It's been almost seven years since the sand at Pear Tree Point Beach has been replenished, leaving residents to walk across the course and naturally rocky New England beaches.
Historically, the town has replenished the sand on a staggered schedule every few years, according to Susan Swiatek, parks and recreation director.
"This method hasn't been approved in that fashion in a number of years with the economy," Swiatek said.
That regular schedule of adding sand to the beaches came to a halt during the financial crisis of 2008, according to Town Administrator Karl Kilduff.
"The town was prioritizing money for fiscal improvement and adding sand to the beaches was not a top priority," Kilduff said.
Requesting money for sand in the future will be a "function of what the local economy will look like and where the community wants to go with is," according to Kilduf.
In the past, sand has been dredged from Long Island Sound and trucked up to Darien, but due to transport costs, the process can be quite expensive. The cost to replenish 2 to 3 inches of beach cover at Pear Tree Point Beach and Weed Beach is $40,000 per beach.
During storms, the sand appears to be washed up the beach and gets dumped into the parking lots, according to Swiatek. From there, maintenance crews have to push the sand back on the beach and rake the sand.
Unlike other coastal towns in Connecticut, the two beaches don't appear to be losing any sand during storms, Kilduff said.
"I've been to both beaches and with the one exception by the back end of Weed Beach near the picnic tables, the sand in main area where bathing takes place is still in place," Kilduff said.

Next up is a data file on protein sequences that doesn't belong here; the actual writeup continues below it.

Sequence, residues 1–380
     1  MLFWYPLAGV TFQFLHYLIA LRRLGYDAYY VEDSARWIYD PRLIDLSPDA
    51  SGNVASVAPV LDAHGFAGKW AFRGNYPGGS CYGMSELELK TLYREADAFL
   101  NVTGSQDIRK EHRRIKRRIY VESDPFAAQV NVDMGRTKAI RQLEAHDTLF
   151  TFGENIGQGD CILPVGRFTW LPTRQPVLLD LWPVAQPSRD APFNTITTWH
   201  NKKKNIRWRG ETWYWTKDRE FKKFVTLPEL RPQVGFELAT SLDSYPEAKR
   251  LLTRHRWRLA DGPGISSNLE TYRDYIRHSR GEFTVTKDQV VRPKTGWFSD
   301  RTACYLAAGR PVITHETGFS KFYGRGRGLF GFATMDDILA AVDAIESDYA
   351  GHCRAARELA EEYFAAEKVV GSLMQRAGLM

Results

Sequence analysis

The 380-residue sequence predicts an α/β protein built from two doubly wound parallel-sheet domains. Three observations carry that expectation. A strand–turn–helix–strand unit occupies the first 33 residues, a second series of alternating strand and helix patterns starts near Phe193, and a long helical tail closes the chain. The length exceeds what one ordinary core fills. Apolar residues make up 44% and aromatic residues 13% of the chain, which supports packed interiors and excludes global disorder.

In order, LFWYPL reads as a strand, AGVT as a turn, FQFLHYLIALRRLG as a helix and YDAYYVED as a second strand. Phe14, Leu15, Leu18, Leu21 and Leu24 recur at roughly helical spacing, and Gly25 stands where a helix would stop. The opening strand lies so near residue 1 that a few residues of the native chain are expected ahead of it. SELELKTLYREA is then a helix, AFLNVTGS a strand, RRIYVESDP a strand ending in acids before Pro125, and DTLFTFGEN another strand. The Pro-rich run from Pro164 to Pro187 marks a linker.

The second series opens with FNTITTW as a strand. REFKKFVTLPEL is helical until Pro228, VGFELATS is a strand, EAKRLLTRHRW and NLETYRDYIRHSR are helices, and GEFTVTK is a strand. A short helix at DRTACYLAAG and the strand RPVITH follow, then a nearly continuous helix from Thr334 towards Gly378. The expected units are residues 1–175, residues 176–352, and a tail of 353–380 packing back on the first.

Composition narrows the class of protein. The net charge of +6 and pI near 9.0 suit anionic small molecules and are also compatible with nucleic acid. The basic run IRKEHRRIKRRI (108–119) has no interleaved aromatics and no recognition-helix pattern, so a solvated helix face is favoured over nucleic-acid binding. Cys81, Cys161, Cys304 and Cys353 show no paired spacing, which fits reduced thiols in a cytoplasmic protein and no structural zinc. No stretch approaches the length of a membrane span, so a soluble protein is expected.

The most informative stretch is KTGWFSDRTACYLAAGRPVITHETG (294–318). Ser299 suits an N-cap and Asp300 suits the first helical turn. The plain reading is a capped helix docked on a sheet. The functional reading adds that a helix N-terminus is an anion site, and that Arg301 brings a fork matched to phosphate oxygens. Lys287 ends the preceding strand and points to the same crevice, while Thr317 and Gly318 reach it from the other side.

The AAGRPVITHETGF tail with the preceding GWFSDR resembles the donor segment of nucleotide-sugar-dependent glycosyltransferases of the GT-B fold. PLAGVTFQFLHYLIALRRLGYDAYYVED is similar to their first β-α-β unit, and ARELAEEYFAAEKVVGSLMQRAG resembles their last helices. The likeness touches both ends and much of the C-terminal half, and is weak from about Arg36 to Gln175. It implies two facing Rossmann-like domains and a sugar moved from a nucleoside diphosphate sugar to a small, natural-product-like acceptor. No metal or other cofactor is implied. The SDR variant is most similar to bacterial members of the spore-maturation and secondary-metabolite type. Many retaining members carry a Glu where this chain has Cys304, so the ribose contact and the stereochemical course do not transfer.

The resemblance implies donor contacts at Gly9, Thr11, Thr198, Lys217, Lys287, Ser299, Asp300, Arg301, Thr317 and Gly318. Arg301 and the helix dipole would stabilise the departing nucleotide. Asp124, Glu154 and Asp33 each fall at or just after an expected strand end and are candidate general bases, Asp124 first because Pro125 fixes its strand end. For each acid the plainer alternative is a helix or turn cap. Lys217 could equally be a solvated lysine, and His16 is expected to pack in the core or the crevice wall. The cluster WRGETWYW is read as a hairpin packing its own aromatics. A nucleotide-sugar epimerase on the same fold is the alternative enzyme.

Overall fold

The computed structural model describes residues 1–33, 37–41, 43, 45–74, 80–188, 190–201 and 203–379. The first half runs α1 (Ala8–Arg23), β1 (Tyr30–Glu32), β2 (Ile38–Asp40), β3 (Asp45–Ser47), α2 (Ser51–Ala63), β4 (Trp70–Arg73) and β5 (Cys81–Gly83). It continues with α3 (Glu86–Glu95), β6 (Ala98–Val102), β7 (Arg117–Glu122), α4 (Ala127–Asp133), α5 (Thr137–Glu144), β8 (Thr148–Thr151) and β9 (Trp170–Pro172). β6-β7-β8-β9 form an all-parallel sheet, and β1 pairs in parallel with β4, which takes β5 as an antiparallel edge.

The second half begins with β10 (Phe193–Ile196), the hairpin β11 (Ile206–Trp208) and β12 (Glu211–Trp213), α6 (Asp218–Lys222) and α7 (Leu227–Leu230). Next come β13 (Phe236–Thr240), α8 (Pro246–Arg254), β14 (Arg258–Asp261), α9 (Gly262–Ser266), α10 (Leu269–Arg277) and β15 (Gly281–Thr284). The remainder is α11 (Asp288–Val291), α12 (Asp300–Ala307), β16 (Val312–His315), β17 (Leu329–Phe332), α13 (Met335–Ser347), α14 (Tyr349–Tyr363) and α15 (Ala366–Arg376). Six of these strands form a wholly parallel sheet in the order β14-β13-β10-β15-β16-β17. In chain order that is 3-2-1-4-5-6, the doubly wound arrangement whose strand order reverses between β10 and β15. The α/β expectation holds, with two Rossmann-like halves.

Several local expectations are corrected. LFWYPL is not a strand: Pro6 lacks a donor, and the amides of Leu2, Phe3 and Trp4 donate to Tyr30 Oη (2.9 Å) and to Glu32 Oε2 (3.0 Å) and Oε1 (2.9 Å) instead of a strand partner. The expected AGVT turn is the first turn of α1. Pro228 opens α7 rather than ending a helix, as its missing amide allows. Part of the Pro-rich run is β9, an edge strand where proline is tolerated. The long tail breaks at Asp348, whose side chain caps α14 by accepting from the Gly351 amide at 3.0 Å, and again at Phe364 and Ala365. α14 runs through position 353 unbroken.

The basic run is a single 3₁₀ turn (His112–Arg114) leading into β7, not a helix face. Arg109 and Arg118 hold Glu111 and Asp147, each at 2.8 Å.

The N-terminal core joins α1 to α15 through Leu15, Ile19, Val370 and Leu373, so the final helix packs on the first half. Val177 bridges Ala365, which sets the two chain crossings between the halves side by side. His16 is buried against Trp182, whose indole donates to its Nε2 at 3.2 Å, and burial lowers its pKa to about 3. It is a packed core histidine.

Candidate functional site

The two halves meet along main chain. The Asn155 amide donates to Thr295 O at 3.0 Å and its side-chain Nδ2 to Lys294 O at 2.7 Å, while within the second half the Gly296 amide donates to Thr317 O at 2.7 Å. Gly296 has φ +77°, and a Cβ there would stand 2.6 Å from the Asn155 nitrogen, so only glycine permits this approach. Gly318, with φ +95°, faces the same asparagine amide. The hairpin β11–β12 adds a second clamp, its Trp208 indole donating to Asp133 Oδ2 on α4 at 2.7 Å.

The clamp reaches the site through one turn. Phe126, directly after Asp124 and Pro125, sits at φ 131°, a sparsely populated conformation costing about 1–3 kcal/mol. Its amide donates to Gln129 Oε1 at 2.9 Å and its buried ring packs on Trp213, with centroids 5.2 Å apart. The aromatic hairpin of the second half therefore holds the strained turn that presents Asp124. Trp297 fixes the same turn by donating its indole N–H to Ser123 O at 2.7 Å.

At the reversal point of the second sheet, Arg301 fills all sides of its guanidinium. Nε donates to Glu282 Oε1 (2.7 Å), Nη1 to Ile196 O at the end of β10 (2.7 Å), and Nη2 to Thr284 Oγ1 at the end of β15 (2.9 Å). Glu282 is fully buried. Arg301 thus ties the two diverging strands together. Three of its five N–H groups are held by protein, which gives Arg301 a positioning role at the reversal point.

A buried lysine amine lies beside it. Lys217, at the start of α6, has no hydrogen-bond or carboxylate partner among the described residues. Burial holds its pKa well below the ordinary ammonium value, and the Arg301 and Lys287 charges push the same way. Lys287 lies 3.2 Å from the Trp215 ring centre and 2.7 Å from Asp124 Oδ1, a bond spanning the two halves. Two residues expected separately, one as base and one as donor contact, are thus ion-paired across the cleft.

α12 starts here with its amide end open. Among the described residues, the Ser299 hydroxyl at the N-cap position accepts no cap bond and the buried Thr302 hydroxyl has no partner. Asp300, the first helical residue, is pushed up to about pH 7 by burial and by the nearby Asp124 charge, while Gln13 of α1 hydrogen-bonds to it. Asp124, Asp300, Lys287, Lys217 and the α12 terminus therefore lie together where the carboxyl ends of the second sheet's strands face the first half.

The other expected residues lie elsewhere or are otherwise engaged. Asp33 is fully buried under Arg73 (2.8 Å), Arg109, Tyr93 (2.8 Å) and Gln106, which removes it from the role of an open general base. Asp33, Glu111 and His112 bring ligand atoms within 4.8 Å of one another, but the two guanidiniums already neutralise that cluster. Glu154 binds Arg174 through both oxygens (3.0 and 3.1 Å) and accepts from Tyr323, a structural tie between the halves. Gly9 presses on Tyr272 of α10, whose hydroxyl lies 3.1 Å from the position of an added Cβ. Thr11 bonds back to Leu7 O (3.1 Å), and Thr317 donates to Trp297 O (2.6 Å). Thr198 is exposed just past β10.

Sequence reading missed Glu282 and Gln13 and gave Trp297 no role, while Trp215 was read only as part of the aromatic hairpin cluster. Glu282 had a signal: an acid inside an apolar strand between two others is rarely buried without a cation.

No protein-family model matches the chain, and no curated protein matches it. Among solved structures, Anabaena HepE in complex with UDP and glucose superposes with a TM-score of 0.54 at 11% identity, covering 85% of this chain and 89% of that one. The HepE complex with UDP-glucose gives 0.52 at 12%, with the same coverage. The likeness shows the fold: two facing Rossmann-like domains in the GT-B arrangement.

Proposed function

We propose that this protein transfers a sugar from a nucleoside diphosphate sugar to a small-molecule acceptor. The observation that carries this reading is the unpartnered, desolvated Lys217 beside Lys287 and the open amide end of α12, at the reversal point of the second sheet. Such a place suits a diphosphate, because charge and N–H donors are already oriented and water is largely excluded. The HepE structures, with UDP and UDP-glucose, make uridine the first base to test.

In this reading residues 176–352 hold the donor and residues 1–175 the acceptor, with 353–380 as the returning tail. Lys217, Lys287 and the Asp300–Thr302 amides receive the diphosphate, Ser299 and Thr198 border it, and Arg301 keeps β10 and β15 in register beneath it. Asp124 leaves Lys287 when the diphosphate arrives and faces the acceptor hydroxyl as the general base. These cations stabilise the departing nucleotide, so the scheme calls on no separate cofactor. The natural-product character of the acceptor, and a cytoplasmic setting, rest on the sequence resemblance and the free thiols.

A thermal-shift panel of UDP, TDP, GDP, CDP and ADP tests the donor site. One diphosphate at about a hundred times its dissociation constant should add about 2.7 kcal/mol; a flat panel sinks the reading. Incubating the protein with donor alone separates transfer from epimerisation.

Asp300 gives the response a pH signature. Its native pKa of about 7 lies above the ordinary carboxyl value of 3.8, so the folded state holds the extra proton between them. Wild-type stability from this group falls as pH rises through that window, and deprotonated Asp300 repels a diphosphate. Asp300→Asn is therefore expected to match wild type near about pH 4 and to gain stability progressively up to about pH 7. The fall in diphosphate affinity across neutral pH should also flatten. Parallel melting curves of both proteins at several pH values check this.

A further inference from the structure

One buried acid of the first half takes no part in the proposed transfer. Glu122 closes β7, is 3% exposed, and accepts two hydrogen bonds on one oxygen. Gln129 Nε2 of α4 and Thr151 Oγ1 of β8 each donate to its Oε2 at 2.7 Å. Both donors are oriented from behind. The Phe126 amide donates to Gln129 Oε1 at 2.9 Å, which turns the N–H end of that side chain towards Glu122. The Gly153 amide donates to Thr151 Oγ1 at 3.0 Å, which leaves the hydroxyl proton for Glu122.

However, when the sand is pushed back into the parking lots during storms, the natural rocky beaches are exposed. The more exposure that happens, the harder it is to keep the sand smooth.
"That's the nature of New England sand," Swiatek said. "If I dig down 2 feet, the sand would still be rocky down there."
Other methods of improving the sand quality are available, which Swiatek believes may be the reason why money to restore sand on the beaches may be left out of the budget year after year.
Beach rake sifters act like large conveyor belts with tines that pulls out the rocks and larger debris in that sand. The remaining debris-free smoother sand is then redistributed onto the beach.
The current sifter in town is 24 years old and Swiatek hopes to replace it.
"We had a demo of a new sifter at the beach a year ago and it went very well," Swiatek said. "Some of the thought was `Let's get the sifter.'"
A new beach rake for $60,000 has been included in the preliminary FY 2013-14 town budget, Kilduff said, adding that it made more sense to rake the debris as opposed to burying it under 2 to 3 inches of new sand.